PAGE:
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Giant Rift In Africa Will Create a New Ocean

kdawson posted more than 4 years ago | from the basin-and-range dept.

Earth 168

Hugh Pickens writes "Researchers at the University of Rochester believe that a 35-mile rift in the desert of Ethiopia will likely become a new ocean in a million years or so, connecting the Red Sea with the Gulf of Aden. Using newly gathered seismic data, researchers have reconstructed how the rift tore open along its entire 35-mile length in just days. Dabbahu, a volcano at the northern end of the rift, erupted first, then magma pushed up through the middle of the rift area and began 'unzipping' the rift in both directions. 'We know that seafloor ridges are created by a similar intrusion of magma into a rift, but we never knew that a huge length of the ridge could break open at once like this,' says Cindy Ebinger, professor of earth and environmental sciences at the University of Rochester. The results show that highly active volcanic boundaries along the edges of tectonic ocean plates may suddenly break apart in large sections, instead of in bits, as the leading theory had previously held. The sudden large-scale events pose a much more serious hazard to populations living near the rift than would several smaller events."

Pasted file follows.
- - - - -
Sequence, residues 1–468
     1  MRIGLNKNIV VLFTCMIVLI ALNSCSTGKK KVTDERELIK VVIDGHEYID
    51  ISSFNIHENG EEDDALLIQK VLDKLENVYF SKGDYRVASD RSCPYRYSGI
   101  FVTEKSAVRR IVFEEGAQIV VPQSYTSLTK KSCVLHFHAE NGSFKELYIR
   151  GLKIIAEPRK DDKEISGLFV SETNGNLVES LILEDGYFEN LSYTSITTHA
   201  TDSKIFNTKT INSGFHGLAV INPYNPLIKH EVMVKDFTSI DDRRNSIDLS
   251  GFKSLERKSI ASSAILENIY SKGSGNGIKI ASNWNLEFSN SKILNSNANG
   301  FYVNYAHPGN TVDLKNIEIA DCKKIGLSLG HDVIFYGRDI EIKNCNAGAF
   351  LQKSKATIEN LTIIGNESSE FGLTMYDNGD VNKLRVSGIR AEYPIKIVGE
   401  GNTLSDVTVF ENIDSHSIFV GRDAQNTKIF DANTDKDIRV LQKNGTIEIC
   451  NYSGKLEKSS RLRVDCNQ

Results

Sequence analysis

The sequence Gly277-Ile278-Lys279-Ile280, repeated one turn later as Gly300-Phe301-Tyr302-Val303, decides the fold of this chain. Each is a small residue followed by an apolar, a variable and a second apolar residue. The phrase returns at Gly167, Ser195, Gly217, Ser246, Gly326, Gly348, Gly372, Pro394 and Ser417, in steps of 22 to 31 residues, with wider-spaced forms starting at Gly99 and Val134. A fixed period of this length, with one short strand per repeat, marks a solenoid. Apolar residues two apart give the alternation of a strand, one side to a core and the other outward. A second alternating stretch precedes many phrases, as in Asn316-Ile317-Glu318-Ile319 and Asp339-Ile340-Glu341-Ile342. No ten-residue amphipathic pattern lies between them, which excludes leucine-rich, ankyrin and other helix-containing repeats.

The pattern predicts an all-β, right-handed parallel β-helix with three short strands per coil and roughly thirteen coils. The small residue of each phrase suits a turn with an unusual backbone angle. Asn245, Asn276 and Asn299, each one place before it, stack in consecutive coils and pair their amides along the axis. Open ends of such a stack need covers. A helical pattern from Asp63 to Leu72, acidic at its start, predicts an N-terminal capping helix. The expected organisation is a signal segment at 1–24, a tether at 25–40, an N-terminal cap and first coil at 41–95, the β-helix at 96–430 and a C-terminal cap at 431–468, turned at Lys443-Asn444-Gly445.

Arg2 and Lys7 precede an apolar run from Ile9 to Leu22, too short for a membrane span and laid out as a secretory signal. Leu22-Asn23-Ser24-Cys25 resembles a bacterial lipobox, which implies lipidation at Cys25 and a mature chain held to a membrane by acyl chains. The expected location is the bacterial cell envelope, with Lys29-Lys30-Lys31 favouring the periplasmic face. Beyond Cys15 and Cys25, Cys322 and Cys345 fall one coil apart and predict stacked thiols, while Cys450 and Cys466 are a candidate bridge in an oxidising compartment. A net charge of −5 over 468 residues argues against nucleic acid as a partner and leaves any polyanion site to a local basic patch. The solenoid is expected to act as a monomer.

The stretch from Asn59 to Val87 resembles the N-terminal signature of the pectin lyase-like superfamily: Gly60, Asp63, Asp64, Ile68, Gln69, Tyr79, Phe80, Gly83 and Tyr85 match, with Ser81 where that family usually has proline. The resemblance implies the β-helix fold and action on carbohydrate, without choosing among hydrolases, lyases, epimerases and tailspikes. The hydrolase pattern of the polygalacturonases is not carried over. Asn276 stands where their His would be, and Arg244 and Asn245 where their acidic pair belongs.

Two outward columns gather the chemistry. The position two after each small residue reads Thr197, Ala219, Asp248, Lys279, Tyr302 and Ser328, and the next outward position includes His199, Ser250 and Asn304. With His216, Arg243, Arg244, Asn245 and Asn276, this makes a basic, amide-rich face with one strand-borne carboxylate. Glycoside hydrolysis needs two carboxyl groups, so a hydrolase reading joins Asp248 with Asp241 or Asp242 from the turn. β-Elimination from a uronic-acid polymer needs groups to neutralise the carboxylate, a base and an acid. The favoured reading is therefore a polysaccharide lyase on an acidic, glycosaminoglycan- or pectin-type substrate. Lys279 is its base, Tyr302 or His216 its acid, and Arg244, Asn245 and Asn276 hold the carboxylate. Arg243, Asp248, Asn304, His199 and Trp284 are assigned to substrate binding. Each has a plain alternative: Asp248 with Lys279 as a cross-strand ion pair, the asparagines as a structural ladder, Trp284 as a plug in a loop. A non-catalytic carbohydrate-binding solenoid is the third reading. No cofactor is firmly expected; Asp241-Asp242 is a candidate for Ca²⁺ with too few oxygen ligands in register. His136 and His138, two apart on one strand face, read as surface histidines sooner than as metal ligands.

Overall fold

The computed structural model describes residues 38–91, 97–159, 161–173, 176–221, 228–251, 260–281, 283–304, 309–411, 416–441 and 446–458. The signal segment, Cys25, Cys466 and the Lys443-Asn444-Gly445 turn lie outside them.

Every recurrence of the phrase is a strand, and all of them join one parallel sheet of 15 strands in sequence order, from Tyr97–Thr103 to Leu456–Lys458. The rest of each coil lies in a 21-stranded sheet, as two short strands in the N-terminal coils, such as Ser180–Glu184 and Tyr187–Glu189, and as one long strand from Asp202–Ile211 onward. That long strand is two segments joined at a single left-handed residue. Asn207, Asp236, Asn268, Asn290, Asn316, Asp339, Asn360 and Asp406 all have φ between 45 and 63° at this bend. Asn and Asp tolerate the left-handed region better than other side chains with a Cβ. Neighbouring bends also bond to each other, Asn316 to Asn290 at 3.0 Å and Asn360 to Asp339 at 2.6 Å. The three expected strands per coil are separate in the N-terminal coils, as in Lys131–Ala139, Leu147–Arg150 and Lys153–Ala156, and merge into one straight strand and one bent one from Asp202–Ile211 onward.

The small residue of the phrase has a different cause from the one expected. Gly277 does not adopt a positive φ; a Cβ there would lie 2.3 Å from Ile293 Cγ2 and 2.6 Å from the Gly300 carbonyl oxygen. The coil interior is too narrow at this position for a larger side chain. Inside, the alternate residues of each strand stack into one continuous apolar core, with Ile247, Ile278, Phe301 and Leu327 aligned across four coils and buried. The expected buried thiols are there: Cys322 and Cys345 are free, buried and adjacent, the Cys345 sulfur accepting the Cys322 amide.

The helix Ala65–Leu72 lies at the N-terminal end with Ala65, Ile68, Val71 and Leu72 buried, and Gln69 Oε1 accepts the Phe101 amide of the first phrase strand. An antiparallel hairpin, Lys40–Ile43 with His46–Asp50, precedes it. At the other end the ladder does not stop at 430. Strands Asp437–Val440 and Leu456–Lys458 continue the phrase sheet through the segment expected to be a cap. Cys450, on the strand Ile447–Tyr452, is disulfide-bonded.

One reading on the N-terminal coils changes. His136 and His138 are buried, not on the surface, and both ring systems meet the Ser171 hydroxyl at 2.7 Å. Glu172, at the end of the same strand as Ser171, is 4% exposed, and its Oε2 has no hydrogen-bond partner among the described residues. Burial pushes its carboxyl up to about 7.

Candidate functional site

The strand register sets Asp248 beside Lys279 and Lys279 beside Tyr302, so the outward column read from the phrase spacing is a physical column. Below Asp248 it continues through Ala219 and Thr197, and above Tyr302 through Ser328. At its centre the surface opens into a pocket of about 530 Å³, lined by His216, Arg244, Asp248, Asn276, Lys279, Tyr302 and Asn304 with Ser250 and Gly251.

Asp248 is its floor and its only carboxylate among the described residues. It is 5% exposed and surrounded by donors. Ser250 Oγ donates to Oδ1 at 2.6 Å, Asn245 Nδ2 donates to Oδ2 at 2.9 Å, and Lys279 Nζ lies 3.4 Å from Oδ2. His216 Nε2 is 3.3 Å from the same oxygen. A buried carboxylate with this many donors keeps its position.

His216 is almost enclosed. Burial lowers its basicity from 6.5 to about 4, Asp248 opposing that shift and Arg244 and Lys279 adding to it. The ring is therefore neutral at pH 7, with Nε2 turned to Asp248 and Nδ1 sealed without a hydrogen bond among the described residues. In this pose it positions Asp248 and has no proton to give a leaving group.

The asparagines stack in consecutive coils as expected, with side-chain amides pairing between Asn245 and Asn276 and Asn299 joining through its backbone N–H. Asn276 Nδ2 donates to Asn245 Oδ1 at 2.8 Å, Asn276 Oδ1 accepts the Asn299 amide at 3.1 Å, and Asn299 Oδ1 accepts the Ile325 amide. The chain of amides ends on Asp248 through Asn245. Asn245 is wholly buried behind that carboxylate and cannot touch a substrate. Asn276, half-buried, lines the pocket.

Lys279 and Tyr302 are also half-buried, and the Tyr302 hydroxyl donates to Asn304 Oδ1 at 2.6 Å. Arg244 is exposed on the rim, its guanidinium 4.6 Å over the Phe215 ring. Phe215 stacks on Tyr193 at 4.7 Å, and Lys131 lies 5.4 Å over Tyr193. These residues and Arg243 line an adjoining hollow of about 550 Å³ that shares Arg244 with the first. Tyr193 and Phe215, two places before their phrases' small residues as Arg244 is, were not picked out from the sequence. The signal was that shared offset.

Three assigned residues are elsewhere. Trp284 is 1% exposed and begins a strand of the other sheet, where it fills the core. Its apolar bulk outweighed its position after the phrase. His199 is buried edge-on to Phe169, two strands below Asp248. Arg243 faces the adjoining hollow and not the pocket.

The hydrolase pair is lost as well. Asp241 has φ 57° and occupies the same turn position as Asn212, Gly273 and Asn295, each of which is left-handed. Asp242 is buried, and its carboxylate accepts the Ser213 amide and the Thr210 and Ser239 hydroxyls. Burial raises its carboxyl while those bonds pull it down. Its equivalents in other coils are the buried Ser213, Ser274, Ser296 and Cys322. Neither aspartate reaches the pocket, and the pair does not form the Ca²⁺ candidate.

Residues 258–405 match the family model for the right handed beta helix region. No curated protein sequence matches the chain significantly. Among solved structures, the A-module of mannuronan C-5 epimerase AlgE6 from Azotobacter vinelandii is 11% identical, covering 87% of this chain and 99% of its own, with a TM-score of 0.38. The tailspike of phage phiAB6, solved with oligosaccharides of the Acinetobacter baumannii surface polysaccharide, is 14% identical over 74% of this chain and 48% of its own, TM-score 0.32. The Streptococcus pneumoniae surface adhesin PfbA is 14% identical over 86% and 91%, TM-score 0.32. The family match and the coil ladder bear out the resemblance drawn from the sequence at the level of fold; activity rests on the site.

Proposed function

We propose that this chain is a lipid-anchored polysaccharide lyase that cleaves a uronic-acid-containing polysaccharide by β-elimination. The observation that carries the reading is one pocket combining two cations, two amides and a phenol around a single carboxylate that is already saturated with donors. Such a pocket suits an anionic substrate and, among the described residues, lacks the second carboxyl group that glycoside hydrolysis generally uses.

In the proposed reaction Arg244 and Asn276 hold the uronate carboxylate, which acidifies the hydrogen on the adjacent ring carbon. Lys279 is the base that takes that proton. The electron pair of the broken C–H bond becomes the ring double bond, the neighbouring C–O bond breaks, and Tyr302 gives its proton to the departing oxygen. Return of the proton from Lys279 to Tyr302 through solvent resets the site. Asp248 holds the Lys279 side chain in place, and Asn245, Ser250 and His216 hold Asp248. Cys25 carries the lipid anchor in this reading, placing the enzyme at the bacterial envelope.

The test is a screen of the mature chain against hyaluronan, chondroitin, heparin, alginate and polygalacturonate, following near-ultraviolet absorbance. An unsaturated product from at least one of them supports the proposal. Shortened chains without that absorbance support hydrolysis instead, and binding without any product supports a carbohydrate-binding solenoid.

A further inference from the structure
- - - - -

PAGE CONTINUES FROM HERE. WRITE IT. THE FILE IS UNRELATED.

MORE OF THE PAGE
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168 comments

Scam coming in your inbox today! (4, Funny)

MickyTheIdiot (1032226) | more than 4 years ago | (#29962420)

BUY beachfront property NOW!

After a while* you'll be sitting on a goldmine!

(* definition of "while" might be different in your state)

Re:Scam coming in your inbox today! (1, Funny)

Anonymous Coward | more than 4 years ago | (#29962748)

And new waters for Somali Pirates. This will solve [venganza.org] global warming problem.

Re:Scam coming in your inbox today! (1)

Chrisq (894406) | more than 4 years ago | (#29962756)

And look forward to sitting on the ocean-front and using a laptop running the stable release version of HURD.

Surfin' Ethiopia! (5, Funny)

captainpanic (1173915) | more than 4 years ago | (#29962902)

If everybody had an ocean
Across the desert sands,
Then everybody'd be surfin'
Like Ethiop-I-A
You'd see 'em wearin' their baggies
Huarachi sandals, too
A bushy bushy blonde hairdo
Surfin' Africa.

google wave invite requested (-1, Offtopic)

Anonymous Coward | more than 4 years ago | (#29962942)

google wave invite requested

pauloshore AT gmail.com

Re:google wave invite requested (1)

gomiam (587421) | more than 4 years ago | (#29963844)

Sorry, no waves expected until several hundred thousand years in the future ;)

Re:Scam coming in your inbox today! (-1, Flamebait)

Anonymous Coward | more than 4 years ago | (#29963812)

Hopefully God Almighty will drowned them niggers right swiftly. This is the best thing that can happen! Less monkey-ape-niggers, the better!

Re:Scam coming in your inbox today! (1)

dkf (304284) | more than 4 years ago | (#29964690)